T. J. Bass - The Godwhale - Orion Publishing Group

Time remaining

  • -- days
  • -- hours
  • -- minutes
  • -- seconds
Other Formats
  • E-Book £P.O.R.
    More information
    • ISBN:9780575130135
    • Publication date:13 Mar 2014
Books in this series

The Godwhale

By T. J. Bass

  • Paperback
  • £9.99

A post-apocalyptic dystopian fable by the acclaimed author of HALF PAST HUMAN. Introduction by Ken MacLeod.

A post-apocalyptic dystopian fable by the acclaimed author of HALF PAST HUMAN, with an introduction by Ken MacLeod

Rorqual Maru was a cyborg - part organic whale, part mechanised ship - and part god. She was a harvester - a vast plankton rake, now without a crop, abandoned by earth society when the seas died. So she selected an island for her grave, hoping to keep her carcass visible for salvage.

Although her long ear heard nothing, she believed that man still lived in his hive. If he should ever return to the sea, she wanted to serve. She longed for the thrill of a human's bare feet touching the skin of her deck. She missed the hearty hails, the sweat and the laughter.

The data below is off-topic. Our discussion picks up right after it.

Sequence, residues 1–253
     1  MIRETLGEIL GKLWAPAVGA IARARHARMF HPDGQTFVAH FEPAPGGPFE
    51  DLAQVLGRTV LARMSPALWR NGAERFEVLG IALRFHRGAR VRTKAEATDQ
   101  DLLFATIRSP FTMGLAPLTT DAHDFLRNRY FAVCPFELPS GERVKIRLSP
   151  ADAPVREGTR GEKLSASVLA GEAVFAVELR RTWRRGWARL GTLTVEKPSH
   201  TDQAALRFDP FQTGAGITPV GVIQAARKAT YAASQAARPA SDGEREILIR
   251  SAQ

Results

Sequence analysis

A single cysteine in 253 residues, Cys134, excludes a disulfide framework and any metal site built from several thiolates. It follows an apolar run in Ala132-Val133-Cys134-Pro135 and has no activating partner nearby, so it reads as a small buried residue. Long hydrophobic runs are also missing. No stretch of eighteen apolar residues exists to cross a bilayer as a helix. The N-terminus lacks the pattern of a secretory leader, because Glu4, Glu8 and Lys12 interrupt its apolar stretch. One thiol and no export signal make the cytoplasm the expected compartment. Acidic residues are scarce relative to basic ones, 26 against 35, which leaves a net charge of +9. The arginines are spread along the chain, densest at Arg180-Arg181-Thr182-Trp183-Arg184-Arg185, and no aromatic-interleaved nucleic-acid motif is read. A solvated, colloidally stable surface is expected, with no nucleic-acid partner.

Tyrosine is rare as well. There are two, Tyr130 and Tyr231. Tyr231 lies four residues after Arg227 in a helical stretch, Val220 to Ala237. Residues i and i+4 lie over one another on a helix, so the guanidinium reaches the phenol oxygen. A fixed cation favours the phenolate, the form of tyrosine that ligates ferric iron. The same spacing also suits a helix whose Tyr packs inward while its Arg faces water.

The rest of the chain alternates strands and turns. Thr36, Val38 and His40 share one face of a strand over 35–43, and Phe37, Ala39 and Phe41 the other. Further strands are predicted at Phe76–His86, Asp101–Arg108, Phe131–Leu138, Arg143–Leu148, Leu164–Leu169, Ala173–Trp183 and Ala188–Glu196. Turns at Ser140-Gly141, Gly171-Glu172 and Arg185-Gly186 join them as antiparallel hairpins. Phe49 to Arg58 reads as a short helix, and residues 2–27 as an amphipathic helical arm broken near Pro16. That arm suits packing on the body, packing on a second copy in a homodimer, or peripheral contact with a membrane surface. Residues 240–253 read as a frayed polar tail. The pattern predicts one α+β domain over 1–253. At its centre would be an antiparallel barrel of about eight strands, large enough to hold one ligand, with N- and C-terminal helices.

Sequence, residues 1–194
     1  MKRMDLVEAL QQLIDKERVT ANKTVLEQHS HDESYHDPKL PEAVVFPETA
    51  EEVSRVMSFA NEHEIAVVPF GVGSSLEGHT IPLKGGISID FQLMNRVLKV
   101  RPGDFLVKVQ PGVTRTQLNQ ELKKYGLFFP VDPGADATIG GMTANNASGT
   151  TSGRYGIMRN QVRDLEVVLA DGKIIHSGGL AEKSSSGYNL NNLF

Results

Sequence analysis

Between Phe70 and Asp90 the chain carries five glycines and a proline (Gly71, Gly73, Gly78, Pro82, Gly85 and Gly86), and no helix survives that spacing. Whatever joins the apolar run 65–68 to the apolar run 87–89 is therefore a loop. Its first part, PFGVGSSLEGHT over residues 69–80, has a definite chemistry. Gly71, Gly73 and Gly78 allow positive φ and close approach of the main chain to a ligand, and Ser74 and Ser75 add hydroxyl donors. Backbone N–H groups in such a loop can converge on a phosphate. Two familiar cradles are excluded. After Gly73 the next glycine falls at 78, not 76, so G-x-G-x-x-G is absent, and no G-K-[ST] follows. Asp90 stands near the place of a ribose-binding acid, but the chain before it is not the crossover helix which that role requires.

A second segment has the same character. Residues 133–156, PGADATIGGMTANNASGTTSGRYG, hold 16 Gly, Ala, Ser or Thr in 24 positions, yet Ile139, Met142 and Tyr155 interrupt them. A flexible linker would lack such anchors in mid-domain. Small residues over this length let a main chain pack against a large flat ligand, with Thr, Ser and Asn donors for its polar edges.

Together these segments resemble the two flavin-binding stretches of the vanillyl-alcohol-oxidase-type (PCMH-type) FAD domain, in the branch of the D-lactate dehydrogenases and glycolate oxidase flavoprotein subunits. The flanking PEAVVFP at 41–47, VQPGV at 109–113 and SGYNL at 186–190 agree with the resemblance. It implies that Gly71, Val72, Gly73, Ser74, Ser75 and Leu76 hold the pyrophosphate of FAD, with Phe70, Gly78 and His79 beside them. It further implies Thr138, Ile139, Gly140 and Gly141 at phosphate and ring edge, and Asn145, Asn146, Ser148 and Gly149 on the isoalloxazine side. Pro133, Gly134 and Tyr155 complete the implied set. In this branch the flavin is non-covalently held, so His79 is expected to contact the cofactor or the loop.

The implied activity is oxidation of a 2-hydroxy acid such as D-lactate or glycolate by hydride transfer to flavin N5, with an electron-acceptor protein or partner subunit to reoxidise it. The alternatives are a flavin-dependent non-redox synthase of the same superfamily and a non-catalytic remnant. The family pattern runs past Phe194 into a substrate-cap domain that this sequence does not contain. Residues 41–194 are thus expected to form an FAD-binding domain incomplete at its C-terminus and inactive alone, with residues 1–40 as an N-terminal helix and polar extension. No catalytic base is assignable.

She needed mankind. But all humans were long gone ... or were they?

Biographical Notes

Thomas Joseph Bassler was an American science fiction writer and doctor, principally known for his 'Hive' stories. The first of these, published in GALAXY SCIENCE FICTION and IF, were combined into the novel HALF PAST HUMAN, which was nominated for the NEBULA AWARD in 1972. Loose sequel, THE GODWHALE, was also nominated three years later. His work explored the theme of overpopulation and was notable for its strong command of biological extrapolation. He died in 2011.

  • Other details

  • ISBN: 9780575129931
  • Publication date: 13 Mar 2014
  • Page count: 304
  • Imprint: Gollancz

Half Past Human

T. J. Bass
T. J. Bass

Anna Kendall

Anna Kendall is the YA pseudonym of SF author Nancy Kress, who has won multiple awards for her novels, novellas and short stories. She lives in Seattle.

Anthony Boucher